Monday, February 14, 2011

Quote of the Day

"Identifying lies told by powerful political leaders -- and describing them as such -- is what good journalists do, by definition. It's the crux of adversarial journalism, of a 'watchdog' press. 'Objectivity' does not require refraining from pointing out the falsity of government claims. The opposite is true; objectivity requires that a journalist do exactly that: treat factually false statements as false. 'Objectivity' is breached not when a journalist calls a lie a 'lie,' but when they refuse to do so, when they treat lies told by powerful political officials as though they're viable, reasonable interpretations of subjective questions. The very idea that a journalist is engaged in 'opinion-making' or is 'taking sides' by calling a lie a 'lie' is ludicrous; the only 'side' such a journalist is taking is with facts, with the truth. It's when a journalist fails to identify a false statement as such that they are 'taking sides' -- they're siding with those in power by deceitfully depicting their demonstrably false statements as something other than lies."

-- Glenn Greenwald, attacking the almost comical hackery of James Rainey and Howie Kurtz, who seemed to mock Anderson Cooper for having the temerity to call out the Mubarak government for its lies

I'm certainly not Greenwald's biggest fan, but credit where credit is due -- he's absolutely right on this.


Jamie McIntyre said...

This argument, of course. is only TRUE, when the journalist in question KNOWS the truth. When I hear a politician utter something I BELIEVE to be a lie, my job is to point out - or uncover - the FACTS that demonstrate the falsity of the claim. It is NOT my job to be the final judge, and pronounce that I myself possess the ultimate truth. While in some cases it may be clear to ANY objective observer that someone is lying, it is a very slippery and dangerous slope when journalists begin to think think their special knowledge and insight equals access to the "truth," and that their OPINIONS - no matter how educated and well-formed - constitute an unassailable truth. An editorial may be dead right, but it's still an editorial. And once you've decided editorializing is a legitimate substitute for balanced news reporting and impartial analysis, you're crossed over into advocacy.

Chez said...

Same thing I posted in response to this on Facebook:

Understood, Jamie, and I certainly see your point. But I think the point Greenwald is making -- and believe me when I say his piously crusading tone generally irritates the hell out of me -- is that if you as a journalist bear witness to so...mething you know 100% to be true, and then hear, say, a government agency say that it's not, and you speak out about that, it's not really editorializing; it's simply reporting the facts. With a metric ton of respect to you, because we worked at CNN at one point during the same period and I think your journalistic credentials are beyond reproach, we've fallen into a trap in which we believe that stating actual facts, if they happen to tilt politically one way or another, is a form of bias. In other words, we're willing to skew a story in order to create some kind of false objectivity. I definitely get the slippery slope argument, but while you shouldn't play god as a journalist, if you have information not everyone has, isn't that your job -- to report it? Saying someone is outright lying is tough language, but if it's actually happening I feel like saying anything different is an abdication of your journalistic responsibility. Thanks for commenting by the way.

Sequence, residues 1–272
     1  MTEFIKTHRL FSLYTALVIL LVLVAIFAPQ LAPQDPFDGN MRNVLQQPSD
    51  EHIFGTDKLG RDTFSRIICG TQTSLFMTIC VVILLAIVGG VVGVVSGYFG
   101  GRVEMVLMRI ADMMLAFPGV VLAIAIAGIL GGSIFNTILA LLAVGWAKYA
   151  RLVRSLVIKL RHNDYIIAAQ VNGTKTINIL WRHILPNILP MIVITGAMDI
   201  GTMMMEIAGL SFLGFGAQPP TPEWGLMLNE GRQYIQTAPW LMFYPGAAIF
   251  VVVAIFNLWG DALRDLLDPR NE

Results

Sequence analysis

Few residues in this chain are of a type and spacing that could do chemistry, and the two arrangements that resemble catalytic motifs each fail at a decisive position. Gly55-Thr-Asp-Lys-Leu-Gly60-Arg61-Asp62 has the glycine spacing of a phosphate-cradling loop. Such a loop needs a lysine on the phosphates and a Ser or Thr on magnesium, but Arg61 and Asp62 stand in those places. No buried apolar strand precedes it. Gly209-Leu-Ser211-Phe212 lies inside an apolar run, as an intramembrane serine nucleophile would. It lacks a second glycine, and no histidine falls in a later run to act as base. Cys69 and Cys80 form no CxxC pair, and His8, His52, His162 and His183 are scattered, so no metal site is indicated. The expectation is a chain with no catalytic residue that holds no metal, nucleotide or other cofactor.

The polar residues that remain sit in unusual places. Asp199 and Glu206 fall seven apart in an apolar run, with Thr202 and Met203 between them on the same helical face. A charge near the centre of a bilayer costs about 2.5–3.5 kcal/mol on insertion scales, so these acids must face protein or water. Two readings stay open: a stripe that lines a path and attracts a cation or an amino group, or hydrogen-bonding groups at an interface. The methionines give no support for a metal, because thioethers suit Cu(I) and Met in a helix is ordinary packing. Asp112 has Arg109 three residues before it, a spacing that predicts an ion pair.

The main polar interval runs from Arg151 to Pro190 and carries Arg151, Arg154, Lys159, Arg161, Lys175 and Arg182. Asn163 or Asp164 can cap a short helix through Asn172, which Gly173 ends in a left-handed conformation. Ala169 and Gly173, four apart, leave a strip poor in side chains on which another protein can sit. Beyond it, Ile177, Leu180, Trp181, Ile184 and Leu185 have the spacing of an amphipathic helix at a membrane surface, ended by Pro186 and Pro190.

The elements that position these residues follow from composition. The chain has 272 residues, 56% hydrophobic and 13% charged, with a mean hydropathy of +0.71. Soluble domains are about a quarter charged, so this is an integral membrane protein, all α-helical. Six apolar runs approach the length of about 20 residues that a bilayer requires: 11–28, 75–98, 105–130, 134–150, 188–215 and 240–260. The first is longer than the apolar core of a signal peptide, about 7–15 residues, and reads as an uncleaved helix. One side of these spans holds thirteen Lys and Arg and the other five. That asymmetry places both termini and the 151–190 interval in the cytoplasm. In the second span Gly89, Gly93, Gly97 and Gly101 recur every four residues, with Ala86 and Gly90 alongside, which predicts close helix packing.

John Foley said...

Finally, someone passes Greenwald's Purity Test.

Mart said...

If afraid of calling out lies, I would settle for a more defiant line of questioning. (I heard Obama got this type of treatment today - if so great.)

One example, politicians of both stripes are strutting on the TV telling us that it is time for an adult conversation about the tyranny of the deficit. We need to cut entitlements (mostly effecting poor and middle class). They are doing this just after blowing up $800 billion by extending the Bush tax cuts, mostly for the rich. They are doing this while spending more on defense than the rest of the world combined; and continuing to fight two unfunded wars.

Yes I want an adult conversation - give me one. I want reporters in the US to get in the face of politicians by drilling them to answer to the lunacy of their policies.